Glad you asked.
The .45 ACP (Automatic Colt Pistol) was developed for the US Army for Browning’s renowned 1911/1911A1 autoloader almost 100 years ago. Fundamentally (there are several exceptions to this generalization, but I’m trying to provide the “basics” is this reply), it is used in semiautomatic pistols. Normally, the .45 ACP has a mass of 180 to 230 grains and a muzzle velocity approximating 850 FPS. It epitomizes the “big, slow” school of handgun shooting; many individuals -- I am one -- feel it is the “standard of comparison” for all semiautomatic sidearms.
The .45 Colt (sometime erroneously called the .45 Long Colt) originates from the mid/late-1800s. It is a revolver round and the cartridge is considerably larger than the .45 ACP’s. Initially, it was the “peacemaker” of the Western frontier and was made famous is for its potency in single action revolvers (such as Colt’s Single Action Army model). Despite its age, it remains a very useful and viable revolver round, especially due to its flexibility. More specifically, at low-pressure loadings, it has ballistics similar to the .45 ACP P+ (for example, a 200 grain projectile with a muzzle velocity of 1100+ FPS). However, at its higher-pressure loadings (probably not suitable for many revolvers other than modern Rugers) the .45 Colt’s ballistics approximate the .44 magnum’s -- it is a real “stopper”.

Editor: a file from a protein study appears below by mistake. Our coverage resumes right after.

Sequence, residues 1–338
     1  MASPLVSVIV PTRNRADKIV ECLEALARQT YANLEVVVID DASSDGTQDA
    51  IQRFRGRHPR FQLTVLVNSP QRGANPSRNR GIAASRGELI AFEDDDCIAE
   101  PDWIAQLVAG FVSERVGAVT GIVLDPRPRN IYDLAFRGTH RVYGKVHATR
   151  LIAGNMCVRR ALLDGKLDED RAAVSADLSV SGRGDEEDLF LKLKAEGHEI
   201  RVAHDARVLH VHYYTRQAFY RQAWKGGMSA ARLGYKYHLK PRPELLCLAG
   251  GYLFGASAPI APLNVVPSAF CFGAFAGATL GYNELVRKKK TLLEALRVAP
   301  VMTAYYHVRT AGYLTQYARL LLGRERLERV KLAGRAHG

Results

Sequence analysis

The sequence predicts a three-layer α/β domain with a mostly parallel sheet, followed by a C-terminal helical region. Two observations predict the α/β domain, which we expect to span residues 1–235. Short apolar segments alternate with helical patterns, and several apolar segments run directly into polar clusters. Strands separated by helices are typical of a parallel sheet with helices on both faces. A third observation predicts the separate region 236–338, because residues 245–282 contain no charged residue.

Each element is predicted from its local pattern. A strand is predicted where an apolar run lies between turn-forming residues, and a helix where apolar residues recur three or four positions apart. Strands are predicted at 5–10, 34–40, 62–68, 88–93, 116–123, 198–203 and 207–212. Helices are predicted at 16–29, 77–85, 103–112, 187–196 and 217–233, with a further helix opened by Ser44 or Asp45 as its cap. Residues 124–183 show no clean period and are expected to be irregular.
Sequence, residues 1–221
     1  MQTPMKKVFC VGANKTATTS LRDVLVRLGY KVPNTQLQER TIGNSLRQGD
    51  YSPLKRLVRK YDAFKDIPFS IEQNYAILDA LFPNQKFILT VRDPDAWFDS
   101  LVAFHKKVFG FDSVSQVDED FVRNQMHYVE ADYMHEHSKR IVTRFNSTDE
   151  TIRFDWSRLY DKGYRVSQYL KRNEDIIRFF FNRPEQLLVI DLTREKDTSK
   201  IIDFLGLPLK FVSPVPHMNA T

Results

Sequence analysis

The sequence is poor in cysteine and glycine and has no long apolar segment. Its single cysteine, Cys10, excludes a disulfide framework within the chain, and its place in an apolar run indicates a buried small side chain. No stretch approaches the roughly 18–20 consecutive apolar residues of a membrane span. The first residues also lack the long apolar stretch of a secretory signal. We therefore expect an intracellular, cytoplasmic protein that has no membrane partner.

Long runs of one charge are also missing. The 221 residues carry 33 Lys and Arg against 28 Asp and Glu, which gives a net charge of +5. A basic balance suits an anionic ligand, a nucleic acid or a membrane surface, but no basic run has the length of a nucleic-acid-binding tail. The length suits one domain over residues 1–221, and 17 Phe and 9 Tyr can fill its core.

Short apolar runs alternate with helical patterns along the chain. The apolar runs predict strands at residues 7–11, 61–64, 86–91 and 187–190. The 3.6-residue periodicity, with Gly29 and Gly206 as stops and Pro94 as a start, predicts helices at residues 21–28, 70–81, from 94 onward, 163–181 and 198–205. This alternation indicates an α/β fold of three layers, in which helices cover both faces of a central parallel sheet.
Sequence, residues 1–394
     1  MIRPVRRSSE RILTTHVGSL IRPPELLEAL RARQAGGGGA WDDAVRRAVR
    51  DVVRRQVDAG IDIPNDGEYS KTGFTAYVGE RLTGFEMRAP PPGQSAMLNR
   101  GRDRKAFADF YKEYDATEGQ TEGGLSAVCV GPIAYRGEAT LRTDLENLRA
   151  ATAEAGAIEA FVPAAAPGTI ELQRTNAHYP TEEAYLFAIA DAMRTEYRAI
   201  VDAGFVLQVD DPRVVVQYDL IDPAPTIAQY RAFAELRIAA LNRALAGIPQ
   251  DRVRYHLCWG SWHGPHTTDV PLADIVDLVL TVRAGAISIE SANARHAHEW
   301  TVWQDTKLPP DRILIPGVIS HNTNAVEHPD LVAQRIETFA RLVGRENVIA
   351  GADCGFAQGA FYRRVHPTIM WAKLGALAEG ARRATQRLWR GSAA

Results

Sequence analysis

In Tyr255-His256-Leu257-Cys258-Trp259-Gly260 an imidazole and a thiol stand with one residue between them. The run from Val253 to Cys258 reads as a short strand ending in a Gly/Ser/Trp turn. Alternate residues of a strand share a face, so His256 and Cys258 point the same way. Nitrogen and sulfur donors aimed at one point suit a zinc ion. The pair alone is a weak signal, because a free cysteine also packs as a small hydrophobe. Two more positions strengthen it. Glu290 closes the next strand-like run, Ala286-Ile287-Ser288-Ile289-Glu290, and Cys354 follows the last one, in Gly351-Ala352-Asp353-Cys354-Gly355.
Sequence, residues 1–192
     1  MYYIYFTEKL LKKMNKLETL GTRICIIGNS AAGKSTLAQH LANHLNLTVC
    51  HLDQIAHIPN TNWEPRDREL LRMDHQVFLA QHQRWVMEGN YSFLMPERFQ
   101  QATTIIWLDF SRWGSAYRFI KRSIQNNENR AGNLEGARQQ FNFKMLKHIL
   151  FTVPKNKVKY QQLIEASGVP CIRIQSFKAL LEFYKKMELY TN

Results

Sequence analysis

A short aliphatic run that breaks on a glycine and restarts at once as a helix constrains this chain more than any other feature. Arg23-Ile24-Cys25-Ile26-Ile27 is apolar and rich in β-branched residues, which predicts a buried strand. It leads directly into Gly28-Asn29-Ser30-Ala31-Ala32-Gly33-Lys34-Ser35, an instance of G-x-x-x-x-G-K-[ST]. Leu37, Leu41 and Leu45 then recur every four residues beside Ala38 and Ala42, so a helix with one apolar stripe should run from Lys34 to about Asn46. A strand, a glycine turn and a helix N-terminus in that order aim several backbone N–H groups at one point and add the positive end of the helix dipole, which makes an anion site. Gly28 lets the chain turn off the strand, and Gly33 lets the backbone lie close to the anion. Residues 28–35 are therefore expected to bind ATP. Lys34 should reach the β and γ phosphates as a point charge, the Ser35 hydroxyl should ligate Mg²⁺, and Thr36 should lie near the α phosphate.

Many people call the far-more-common semiautomatic round the “.45 Colt”, but as you can see, that is wrong and confusing, since they are two distinctly different cartridges.
You may want to check the TFL archives (under “Search”) for much greater and more detailed information. You may also want to review reloading manuals for sizes and the reloading/ballistic specifications applicable to these two rounds.